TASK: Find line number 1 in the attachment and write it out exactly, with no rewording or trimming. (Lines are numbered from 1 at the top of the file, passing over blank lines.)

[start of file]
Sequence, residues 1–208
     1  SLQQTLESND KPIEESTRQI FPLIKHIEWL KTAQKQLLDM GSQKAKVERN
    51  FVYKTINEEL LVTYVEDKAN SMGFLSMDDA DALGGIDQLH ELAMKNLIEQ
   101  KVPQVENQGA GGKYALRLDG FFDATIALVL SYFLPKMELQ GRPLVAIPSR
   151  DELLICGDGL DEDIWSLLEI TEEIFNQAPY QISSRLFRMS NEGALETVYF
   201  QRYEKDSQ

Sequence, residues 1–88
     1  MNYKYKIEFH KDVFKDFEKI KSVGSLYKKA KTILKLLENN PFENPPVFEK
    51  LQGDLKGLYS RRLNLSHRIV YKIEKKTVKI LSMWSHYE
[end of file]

Sequence, residues 1–208